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Pondering Next Ideas with Agent

Ever since I talked to my agent Kirby Kim last week about what to write after the Birthmarked trilogy, I’ve been feeling optimistic and encouraged, both about the ideas themselves and the open-ended direction of my writing.  I’m normally optimistic anyway, but I did wonder if Birthmarked was a fluke.  Now I believe my brainstorming is leading me in good directions, and I’m grateful once again that I have a great agent to work with.

Food for Thought

As far as I know, there’s no prescribed way to move onto the next project, but I’ve hoped to avoid the anxiety that some of my writer friends have gone through.  It’s not unusual for a writer to start the next novel, send a few chapters to her agent, talk it over for feedback, and proceed from there.  It’s emotional, especially if her agent doesn’t like the chapters or predicts the project won’t sell.  Then the writer must decide whether to keep writing a book because she loves it despite expecting it’s doomed, or abandon it for another idea and start the process over again.  Discouragement, self-doubt, and a sense of helplessness can ensue.  More than one writer has quit at this point.

That process looks miserable to me, frankly, and I try to avoid misery.  Besides, I trust my agent a lot, but I would never make one other person the gate-keeper with veto power over my writing.  Instead, I decided to try a different approach, one that takes advantage of Kirby’s savvy at a critical, early point in the process.  I decided to run a whole bunch of ideas by him, not just my one favorite.

Here’s a little metacognitive back-story on my philosophy of generating ideas.  Once, when I was in college, my art teacher told me to paint 100 watercolors of the same object in a week.  A hundred is a lot of paintings.  My object was an old-fashioned, hand-held drill with movable gears, a thing of innate interest to me.  I started early, and put in a lot of hours on very meticulous realistic paintings, until after about twenty of them I realized I was not going to get the rest done at that pace.  I had to go faster.  I needed more ideas.  I got sloppy and started having fun, mixing the colors and shadows, using negative space and everything I’d learned in other art classes. Around eighty paintings, I completely ran out of ideas.  I started painting with the drill, drilling the paper full of holes, painting on small triangular scraps of paper, making things that were hardly paintings at all.  In short, it took me a long, long time to work my mind all the way around inside the box, but by the end, I painted my way out of it.  100 paintings in a week taught me little about painting, but a lot about my mind.

For starters, I know my first idea or my fifth idea or my tenth idea might not necessarily be my best idea.  I need to focus, have fun, and keep trying.  I know a seemingly insignificant spark can explode, and that dissimilar things can be combined into something cool.  For months, whenever I’ve had a trace of a book idea, I’ve jotted it in my brainstorm file on my computer, but I only had about five ideas that way, and they weren’t exciting me. Then, a few weeks ago, after I sent in my first pass pages of Prized, I started brainstorming in earnest, thinking What if? and How about? With about fifteen different ideas, I began pondering them more deeply.  I found that a few overlapped and could be combined.  I fleshed some out into a paragraph, and then into a couple paragraphs or a page.  I ran them by my daughter to see what interested her, and realized a murky idea had a lot of potential, so I let that grow when I was taking a walk.  I started shifting my less favorite ideas further down the file, and ones that were more promising to the top.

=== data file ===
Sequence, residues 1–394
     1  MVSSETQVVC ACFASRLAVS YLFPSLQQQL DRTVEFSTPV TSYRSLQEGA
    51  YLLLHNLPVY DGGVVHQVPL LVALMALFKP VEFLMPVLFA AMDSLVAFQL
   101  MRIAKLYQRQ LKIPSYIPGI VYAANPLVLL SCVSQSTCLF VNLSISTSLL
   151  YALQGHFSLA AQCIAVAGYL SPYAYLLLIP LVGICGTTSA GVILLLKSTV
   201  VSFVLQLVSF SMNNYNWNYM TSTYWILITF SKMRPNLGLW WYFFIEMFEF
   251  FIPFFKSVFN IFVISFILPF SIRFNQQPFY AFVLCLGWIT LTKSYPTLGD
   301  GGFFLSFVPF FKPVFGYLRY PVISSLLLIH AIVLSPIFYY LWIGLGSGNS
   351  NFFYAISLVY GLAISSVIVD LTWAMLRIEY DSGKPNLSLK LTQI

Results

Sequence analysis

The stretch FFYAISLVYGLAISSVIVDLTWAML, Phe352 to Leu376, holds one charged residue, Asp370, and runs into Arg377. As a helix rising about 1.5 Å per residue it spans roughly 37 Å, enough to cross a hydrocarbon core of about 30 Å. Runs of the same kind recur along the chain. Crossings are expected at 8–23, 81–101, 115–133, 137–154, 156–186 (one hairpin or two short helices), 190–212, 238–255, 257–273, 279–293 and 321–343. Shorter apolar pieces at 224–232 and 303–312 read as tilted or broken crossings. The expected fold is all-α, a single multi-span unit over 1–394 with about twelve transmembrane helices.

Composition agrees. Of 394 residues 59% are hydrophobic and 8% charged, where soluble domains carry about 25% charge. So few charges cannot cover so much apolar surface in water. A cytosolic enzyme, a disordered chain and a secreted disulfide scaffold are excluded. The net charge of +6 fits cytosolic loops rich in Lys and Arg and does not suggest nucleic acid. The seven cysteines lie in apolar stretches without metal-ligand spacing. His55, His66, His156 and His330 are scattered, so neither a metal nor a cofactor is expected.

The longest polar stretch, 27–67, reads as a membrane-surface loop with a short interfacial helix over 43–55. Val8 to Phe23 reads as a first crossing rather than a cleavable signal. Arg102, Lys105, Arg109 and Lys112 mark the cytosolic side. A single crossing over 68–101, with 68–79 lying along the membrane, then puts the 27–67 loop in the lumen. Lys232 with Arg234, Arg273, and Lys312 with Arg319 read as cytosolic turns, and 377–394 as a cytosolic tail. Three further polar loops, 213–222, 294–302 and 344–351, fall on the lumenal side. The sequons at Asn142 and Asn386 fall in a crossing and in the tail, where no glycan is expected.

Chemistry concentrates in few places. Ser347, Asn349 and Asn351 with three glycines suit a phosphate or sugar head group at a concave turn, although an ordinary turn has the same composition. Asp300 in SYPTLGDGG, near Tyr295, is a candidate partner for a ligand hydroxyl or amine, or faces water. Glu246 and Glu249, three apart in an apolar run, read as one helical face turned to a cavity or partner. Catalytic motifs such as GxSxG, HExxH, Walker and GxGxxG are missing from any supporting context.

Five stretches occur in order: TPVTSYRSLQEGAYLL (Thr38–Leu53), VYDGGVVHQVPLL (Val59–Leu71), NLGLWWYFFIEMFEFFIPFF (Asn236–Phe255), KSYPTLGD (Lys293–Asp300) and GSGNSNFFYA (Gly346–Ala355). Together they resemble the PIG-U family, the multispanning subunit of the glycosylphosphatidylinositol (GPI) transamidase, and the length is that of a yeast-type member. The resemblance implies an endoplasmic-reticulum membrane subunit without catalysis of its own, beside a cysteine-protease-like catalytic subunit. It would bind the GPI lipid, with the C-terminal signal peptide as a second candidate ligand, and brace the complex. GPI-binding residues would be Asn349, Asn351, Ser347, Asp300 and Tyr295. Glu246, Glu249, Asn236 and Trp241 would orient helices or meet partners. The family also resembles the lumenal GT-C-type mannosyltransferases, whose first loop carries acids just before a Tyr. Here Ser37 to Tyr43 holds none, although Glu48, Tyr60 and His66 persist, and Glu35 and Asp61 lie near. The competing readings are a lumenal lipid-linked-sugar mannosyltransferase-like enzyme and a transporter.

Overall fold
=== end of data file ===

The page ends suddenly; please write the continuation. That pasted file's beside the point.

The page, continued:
Of the fifteen concepts, I decided eight interested me enough to pursue further, either because I liked the premise of the plot, the character, the format, or all three.  So I organized them into YA and MG groups, kept the ones I liked best at the top, and arranged a call with Kirby.

It was super, super fun to talk over the ideas with him.  He asked questions, knew which of my projects were the sorts editors have been looking for, connected the ideas to books, films, computer games, and scientific theories he knows, told me which concepts were in realms that had been overdone and would need more to make them original, and poked around in my mind to find out why certain concepts interested me or seemed risky.  We talked about how the next project should build on what I’ve done with Birthmarked, but how that shouldn’t stop me from writing out of sci-fi if I want to, too. He asked which concept I thought was furthest along, and which I was most eager to write.  We laughed a lot, too.

I came away with a plan I can work on while I’m between revisions of Book 3 of the Birthmarked trilogy, which is still my top priority right now.  The YA sci-fi concept I’m most excited about I’ll fill out more to get a firmer idea of the plot issues.  Another YA sci-fi project that also fascinates me is so ambitious it’s going to take longer to figure out, so I’ll ponder that one.  The third project, a contemporary YA concept, seems like it will just fly out of my fingers, so I’ll start writing that and see what happens.  It’s all so cool to me.  I’m so excited about my writing, and I love the idea that I’m working on viable projects that my agent is already excited about, too.

Always there’s more to learn with this job.  I’m psyched.

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